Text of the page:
A deeply satisfying, revelatory revival on so many levels, director Marianne Elliott’s Tony Award-winning production of Stephen Sondheim’s marriage-contemplating musical “Company” — now making an early stop in Chicago on a new tour — freshens a 50-year-old show to the point that many have claimed, as I would, that this is the best version yet.
The headline is that the lead character changes from male Bobby to female Bobbie. Sondheim contributed to the tweaks, fully recognizing the benefits of a new perspective on a show first produced in 1970. The gender swap works so well that it solves what has always been the show’s major weakness, a central character without much personality, a likable but shallow bachelor primarily present to spur judgments on and from the swirl of married friends around him.
It’s not just that changing our him to her flips some miraculous meaning switch — although at times it does, given that expectations of women to marry, and have babies, exceed that of men by orders of magnitude. It’s also that Elliott’s production and this tour’s terrific Bobbie — Britney Coleman, who understudied the role on Broadway — invest her with a playful personality and take us deep inside her head, depicting her internal battle about life decisions such that the show vibrates with an emotional reality along with a sense of wit.
When: To Nov. 12
Where: Cadillac Palace Theatre, 151 W. Randolph St.
Running time: 2 hours and 45 minutes with one intermission
The show begins with and returns frequently to a surprise party for Bobbie’s 35th birthday. The other sequences are sketches about married life, taking Bobby from one couple to another. The form, a “concept musical” without a linear plotline, was highly original, and reflected both its era of variety shows and the initial source, a collection of short plays by book writer George Furth.
Set and costume designer Bunny Christie deserves a great deal of credit here. She gives us a series of box-like rooms for different sequences, each framed by light, suggesting moving snapshots.
The key one, a confining room in Bobbie’s New York City apartment, comes in different sizes, at one point in visually amusing miniature. When enlarged to oversize, the space fits giant balloons shaped like the numbers 3 and 5 that then chase Bobbie around. Throughout, you won’t forget that Bobbie is turning 35 because various breadcrumbs remind you, such as a clock in her bedroom reading 3:05.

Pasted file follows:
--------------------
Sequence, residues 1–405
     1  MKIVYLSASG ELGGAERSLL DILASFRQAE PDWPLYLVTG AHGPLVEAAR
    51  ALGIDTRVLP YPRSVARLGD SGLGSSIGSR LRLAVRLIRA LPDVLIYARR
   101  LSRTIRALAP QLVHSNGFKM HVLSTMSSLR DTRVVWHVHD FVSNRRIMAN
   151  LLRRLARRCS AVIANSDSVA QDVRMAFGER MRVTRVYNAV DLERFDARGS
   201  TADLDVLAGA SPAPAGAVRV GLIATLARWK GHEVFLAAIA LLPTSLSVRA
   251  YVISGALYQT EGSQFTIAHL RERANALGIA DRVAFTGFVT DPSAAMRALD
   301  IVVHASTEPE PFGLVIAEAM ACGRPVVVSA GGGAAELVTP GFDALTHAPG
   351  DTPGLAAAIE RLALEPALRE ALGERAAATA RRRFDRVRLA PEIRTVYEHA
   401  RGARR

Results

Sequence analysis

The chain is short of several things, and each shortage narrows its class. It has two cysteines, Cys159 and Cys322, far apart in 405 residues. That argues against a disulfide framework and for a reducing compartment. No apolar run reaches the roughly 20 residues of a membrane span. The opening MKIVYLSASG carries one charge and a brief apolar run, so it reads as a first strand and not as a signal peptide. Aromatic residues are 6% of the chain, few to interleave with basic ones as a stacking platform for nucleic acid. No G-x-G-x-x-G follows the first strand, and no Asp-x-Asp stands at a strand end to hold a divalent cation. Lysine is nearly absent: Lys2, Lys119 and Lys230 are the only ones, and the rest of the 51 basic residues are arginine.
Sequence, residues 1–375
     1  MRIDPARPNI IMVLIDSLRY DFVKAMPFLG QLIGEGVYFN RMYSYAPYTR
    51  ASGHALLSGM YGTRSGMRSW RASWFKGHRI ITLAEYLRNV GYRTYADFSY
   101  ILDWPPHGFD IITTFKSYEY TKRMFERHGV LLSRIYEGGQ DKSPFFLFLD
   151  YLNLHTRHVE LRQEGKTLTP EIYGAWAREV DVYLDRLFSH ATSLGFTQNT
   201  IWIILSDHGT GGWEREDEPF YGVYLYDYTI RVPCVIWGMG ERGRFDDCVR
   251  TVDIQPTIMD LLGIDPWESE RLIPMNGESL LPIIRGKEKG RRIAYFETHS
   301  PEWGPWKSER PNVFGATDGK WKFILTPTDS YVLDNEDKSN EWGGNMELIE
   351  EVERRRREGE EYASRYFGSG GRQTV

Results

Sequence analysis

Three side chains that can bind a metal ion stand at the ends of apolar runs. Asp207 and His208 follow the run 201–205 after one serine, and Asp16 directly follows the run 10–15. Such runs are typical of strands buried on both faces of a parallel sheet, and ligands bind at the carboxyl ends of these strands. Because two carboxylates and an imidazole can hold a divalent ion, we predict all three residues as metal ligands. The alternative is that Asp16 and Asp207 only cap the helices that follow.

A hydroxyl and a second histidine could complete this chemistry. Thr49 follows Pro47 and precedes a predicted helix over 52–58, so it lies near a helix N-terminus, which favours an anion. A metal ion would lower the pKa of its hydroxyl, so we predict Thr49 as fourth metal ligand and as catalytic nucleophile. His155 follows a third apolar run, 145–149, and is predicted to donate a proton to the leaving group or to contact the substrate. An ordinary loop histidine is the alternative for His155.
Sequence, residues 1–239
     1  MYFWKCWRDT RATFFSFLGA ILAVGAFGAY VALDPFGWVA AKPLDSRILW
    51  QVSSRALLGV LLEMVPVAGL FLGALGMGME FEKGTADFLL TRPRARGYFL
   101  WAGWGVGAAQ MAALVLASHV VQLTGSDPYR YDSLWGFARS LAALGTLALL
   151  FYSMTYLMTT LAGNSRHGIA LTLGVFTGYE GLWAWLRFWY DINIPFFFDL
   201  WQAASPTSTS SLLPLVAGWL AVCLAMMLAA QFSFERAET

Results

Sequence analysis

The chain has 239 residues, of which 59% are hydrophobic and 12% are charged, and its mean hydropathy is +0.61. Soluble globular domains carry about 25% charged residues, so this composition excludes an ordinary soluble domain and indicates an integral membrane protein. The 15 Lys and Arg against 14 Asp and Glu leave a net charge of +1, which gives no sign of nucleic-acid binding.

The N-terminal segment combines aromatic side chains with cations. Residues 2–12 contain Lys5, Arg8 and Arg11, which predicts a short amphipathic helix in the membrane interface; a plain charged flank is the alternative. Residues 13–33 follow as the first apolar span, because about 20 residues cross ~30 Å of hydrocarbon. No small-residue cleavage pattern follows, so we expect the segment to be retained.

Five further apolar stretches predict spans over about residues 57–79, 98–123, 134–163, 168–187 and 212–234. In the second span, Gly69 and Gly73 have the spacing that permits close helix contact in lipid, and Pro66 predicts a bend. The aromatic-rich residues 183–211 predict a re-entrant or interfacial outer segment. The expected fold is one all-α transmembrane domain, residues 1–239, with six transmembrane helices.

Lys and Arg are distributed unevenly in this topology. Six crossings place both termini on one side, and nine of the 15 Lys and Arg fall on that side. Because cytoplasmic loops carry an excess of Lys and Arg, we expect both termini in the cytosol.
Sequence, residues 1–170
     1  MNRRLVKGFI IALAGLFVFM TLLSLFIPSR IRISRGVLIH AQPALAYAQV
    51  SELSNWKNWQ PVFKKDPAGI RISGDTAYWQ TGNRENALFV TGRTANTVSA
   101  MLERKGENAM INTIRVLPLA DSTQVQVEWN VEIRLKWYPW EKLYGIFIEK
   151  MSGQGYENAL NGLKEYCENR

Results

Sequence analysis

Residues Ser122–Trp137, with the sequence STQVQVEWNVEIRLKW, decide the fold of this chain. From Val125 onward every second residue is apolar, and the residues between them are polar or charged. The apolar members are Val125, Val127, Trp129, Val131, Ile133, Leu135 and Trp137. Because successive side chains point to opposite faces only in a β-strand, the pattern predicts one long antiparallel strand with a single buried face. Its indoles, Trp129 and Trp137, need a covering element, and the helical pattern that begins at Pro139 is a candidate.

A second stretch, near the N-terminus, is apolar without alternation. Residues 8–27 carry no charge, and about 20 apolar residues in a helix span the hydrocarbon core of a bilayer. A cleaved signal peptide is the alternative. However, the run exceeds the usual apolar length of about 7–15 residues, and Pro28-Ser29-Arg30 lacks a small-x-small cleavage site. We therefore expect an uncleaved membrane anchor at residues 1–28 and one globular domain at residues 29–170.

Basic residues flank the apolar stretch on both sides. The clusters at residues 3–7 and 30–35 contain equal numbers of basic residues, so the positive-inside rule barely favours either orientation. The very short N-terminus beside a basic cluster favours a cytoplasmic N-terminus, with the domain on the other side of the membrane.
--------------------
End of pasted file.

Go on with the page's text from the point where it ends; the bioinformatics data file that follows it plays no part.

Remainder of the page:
That bedroom provides the space for a breathtakingly ingenious dance-like dream sequence where Bobbie, after sex with one of her three beaus (all now male), imagines married life. The other female cast members enter clothed in Bobbie’s recognizable red, depicting her simultaneously as coffee-getter, cleaner-upper, baby-carrier and sex-averse mother. It’s the complete expression of why Bobbie fears marriage, the force that drives the show and makes everything make sense, and yet that we usually have just had to take for granted. It also says something about the canniness of this show that I can’t identify the line between Elliott’s staging and Liam Steel’s choreography.
Other surprises here emerge from changes to the music (Joel Fram is the music supervisor and vocal arranger). Although some are required when songs change from male to female or vice versa, that alone doesn’t describe how the show sounds as fresh as it plays.
The highlight in this realm is “Another Hundred People,” about the social isolation of the biggest of American cities. Performed beautifully by Tyler Hardwick, the song comes across with smoothness and empathy, capturing the happy/sadness of so much of Sondheim.
There are too many musical highs in this show to mention. One of Sondheim’s best scores, it shines here from the emotional, and often comedic, vitality, of an excellent ensemble. For the comic, there’s Act II opener “Side by Side by Side,” for which the cast puts on too-small party hats and Coleman skillfully mixes clownishness and desperation. And then there’s the always-a-showstopper-but-especially-here panicked patter song “Getting Married Today,” performed with neurotic aplomb by Matt Rodin in another perfectly conceptualized gender switch, and which also features characters’ delightful emergence from unexpected spots.
For the feels, there’s certainly Coleman’s finisher “Being Alive,” as well as “The Ladies Who Lunch,” a cynical song delivered by Judy McClane’s boozy, much-married Joanne after several too many vodka stingers. In this case, when she sings “And here’s to the girls who just watch/Aren’t they the best?,” she stares hard, even accusatorially, at Coleman’s Bobbie, making this number more dramatic than it’s ever been.
So, to sum up, this version of “Company” makes the show funnier, more meaningful, more relatable, and much more affecting.
As Joanne would say, “I’ll drink to that.”